In recent years, vast improvements to autonomous vehicle technologies such as radar, lidar, HD cameras and software have propelled robotaxis to the cusp of market-readiness. Autonomous trials from Waymo, Cruise, and others are now evolving into autonomous services, with legislative barriers clearing. New IDTechEx forecasts reveal how these services will come to dominate within 20 years, creating massive opportunities for the underlying sensors market, which grows at over 30% CAGR.
‘Autonomous vehicle’ (AV) is an umbrella term for the six levels as defined by the SAE. Today, most new cars are arriving with the option of level 2 functionality, and the industry is technically ready for level 3 once regulatory hurdles clear.
Some regions are even pushing for level 4 technology, but most activity here is still with autonomous mobility start-ups and in trial stages. Overall, the report finds autonomous vehicles will become a massively disruptive technology which will grow rapidly at a rate of up to 47% to transform the auto market over the next two decades.
Generally, there are two pathways to full autonomy: incremental progression through the SAE levels, the path taken by established OEMs; and direct to level 4 with autonomous trialling (typically with retrofitted vehicles) with the aim to provide mobility-as-a-service (MaaS), the path taken by the start-ups. In both areas, the report finds significant growth and progression in Europe, the US and China.
Regulatory Hurdles Overcome
Level 3 technology has been ready since 2017, however automakers have not been able to release these autonomous features due to legislation, which has had unclear definitions about how the technology should work, and liability in the event of an accident.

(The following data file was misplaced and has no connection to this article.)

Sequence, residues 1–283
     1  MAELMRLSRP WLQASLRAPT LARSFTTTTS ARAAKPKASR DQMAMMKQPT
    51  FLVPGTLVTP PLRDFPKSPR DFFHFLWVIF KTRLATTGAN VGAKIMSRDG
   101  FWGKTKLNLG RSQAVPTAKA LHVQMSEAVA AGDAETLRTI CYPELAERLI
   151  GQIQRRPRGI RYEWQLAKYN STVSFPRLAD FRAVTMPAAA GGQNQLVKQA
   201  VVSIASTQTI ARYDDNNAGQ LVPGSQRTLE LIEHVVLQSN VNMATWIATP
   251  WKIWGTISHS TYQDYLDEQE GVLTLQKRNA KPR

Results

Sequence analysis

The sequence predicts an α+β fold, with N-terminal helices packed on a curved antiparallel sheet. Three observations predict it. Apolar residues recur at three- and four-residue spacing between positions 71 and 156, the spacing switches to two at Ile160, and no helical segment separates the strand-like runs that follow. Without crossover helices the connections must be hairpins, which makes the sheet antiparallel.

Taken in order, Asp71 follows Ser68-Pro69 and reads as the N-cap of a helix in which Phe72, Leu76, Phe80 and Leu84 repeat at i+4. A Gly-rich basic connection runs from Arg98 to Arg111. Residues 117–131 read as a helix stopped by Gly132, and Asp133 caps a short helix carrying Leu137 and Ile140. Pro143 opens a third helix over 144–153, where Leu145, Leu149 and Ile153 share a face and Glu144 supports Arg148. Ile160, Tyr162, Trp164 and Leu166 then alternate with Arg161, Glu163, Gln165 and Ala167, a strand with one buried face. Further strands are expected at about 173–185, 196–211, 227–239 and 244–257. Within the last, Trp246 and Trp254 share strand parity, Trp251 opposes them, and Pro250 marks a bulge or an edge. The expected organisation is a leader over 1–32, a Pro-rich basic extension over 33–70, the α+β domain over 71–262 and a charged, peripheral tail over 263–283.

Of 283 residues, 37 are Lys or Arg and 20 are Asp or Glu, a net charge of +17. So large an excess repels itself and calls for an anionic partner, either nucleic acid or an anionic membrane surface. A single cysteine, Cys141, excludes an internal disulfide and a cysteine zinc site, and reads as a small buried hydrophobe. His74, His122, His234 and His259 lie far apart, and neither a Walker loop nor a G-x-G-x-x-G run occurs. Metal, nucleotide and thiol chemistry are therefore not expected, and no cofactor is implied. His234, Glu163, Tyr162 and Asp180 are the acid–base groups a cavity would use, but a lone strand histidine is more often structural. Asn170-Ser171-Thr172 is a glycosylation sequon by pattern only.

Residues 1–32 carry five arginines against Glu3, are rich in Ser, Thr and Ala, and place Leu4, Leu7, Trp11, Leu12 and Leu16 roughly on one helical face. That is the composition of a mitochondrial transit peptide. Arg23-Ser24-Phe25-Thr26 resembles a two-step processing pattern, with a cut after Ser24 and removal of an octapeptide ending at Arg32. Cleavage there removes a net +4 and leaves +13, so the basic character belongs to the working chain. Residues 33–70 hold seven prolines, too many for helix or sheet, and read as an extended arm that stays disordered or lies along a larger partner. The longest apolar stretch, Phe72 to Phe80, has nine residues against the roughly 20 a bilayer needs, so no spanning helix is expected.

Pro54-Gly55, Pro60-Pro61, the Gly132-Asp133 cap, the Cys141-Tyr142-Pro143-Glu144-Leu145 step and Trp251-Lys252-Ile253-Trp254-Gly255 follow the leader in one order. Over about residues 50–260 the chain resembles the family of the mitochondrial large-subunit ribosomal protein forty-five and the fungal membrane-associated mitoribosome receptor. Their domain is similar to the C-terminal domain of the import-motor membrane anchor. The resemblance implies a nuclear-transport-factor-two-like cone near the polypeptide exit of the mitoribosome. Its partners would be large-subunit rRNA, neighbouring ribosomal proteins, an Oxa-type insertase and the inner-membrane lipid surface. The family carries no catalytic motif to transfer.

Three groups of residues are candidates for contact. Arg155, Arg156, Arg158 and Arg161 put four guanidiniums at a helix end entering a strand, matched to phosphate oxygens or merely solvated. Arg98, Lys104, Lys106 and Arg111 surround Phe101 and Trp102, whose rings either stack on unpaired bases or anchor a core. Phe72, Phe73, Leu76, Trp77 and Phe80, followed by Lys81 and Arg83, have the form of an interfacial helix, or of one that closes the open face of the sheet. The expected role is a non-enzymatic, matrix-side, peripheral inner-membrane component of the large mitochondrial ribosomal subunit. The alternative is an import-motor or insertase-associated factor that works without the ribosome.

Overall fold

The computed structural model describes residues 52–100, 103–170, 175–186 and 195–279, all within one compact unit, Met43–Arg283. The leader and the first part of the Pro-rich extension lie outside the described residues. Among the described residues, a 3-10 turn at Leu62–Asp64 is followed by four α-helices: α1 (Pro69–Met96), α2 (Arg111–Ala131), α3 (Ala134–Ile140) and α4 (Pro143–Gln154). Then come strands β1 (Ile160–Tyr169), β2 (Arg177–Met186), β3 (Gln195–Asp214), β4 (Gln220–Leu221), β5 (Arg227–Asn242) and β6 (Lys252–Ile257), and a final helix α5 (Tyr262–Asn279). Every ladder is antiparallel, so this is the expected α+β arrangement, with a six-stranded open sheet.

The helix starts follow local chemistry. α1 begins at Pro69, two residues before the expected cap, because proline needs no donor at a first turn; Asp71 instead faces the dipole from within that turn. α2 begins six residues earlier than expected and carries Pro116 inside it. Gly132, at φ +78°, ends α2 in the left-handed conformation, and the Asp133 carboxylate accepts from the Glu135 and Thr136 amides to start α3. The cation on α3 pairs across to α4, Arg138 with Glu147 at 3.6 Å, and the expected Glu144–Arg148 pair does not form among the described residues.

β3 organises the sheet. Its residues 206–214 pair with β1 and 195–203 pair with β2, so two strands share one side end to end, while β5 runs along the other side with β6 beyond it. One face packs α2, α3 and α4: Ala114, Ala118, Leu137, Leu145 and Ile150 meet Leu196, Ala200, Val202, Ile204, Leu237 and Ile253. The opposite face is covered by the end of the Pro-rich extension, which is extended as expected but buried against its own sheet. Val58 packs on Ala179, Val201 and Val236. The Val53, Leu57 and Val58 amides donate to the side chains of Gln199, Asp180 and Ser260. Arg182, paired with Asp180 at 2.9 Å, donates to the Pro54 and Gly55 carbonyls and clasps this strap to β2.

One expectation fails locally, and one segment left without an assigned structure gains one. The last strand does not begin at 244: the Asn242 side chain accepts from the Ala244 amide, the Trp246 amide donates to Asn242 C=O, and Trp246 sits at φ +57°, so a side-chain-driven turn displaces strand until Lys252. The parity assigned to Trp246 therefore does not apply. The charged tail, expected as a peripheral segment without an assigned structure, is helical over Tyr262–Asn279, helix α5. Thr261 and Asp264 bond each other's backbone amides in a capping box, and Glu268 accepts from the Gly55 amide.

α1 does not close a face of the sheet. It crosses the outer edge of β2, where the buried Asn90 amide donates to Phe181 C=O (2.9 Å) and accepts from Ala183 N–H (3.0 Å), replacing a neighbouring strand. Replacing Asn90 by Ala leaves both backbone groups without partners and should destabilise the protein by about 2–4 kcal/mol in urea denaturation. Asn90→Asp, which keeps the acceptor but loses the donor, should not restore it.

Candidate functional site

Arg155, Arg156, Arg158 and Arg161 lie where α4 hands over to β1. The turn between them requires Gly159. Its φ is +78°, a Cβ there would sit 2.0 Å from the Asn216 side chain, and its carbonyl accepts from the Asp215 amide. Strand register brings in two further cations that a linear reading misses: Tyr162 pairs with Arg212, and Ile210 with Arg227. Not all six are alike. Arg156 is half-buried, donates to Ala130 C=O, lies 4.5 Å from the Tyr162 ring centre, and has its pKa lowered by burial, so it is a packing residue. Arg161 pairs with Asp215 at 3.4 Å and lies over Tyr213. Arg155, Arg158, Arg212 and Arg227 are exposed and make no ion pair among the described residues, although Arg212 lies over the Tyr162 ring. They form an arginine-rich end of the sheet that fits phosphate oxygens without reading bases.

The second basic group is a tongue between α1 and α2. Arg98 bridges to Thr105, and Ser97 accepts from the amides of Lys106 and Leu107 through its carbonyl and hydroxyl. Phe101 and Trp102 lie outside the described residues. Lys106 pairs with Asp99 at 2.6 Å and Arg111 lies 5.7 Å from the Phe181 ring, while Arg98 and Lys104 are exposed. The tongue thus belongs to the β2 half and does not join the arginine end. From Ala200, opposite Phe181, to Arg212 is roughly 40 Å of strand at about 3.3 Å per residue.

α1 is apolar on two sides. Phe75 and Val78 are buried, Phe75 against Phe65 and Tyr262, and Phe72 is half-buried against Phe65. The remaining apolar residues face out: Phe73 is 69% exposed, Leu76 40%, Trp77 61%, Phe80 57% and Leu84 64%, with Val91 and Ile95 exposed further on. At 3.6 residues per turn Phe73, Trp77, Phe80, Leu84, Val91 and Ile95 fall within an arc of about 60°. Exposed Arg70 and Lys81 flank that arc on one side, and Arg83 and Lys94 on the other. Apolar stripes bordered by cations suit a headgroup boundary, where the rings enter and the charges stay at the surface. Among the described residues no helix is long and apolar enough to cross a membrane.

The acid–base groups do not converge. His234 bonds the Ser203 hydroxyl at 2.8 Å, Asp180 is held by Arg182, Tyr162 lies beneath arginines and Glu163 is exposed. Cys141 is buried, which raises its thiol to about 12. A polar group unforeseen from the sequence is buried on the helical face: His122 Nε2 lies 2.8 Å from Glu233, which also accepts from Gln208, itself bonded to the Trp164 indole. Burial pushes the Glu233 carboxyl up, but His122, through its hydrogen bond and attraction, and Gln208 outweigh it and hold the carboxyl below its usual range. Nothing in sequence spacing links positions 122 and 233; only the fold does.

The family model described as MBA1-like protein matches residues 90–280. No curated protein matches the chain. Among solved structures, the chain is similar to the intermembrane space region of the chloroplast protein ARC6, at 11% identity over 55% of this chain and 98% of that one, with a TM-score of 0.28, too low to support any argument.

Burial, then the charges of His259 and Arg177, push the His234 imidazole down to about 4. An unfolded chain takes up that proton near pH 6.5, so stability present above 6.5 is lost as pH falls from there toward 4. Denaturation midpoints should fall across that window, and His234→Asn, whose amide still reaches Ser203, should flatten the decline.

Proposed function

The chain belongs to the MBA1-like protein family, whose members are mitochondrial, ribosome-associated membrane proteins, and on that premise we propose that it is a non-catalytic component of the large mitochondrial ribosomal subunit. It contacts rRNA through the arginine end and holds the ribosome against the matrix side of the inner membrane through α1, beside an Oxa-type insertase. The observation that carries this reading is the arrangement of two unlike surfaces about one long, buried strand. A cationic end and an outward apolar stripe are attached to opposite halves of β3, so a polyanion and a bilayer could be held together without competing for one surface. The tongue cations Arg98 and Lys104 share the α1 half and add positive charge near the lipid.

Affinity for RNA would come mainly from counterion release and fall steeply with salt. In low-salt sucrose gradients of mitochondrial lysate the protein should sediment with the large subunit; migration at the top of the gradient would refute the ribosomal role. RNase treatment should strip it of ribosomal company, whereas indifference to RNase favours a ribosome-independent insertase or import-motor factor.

Recently, regulations have started to improve, allowing some regions such as Japan, Germany and the UK to have level 3 vehicles on their roads by the end of 2021. IDTechEx expects significant adoption of level 3 and level 4 technology within the car market over the next 10-20 years, radicalising the way society travels and causing huge disruption to the auto sector’s century old business models.
Within this report, we analyse the strategies of OEMs and their attitudes towards autonomising their models, what features they are bringing and what sensor suites they are using, including solid state LiDAR, mechanically rotating LiDAR, radar, imaging radar, cameras, short wave infrared (SWIR) thermal cameras and more. Honda and Mercedes are the leaders here, with Honda releasing a level 3 vehicle into the Japanese market and Mercedes preparing a level 3 release in Autumn 2021. GM and Tesla are close behind with level 3 cars in waiting (technically ready but held back by regulations). In China Arcfox and Xpeng are pushing for level 3 to level 4 vehicles, but are again held back by regulations.
The leaders of the mobility start-ups such as Waymo, Cruise, Baidu and AutoX are well established, and their trials are progressively transforming into commercial services. From analysis of the top performing players since 2015, IDTechEx predicts that autonomous driving systems will be on par with human safety levels by the end of 2023.
Given the current state of trials and existing plans for further expansion from key players, IDTechEx believes 2023 will be the start of the AV revolution. IDTechEx expects that the trials will grow within their existing cities and then spread from city to city much in the same way as ride-hailing platforms (Uber, Lyft, Didi etc.) over the past decade. IDTechEx reports on the activity of the key autonomous players, their response to the COVID-19 crisis and their latest sensor suites.
The report finds that autonomy will create massive opportunities in the automotive sensors industry. IDTechEx reports on the progress in cameras (including infrared and event-based detection), radar, LiDAR and supporting technologies such as connectivity and teleoperation. Within the key three sensors we see adoption of higher resolution cameras and higher frame rates, advancements in the performance and power of radar and significant cost reductions in LiDAR. Our analysis is based on primary information, with the report containing 8+ primary interviews from key players.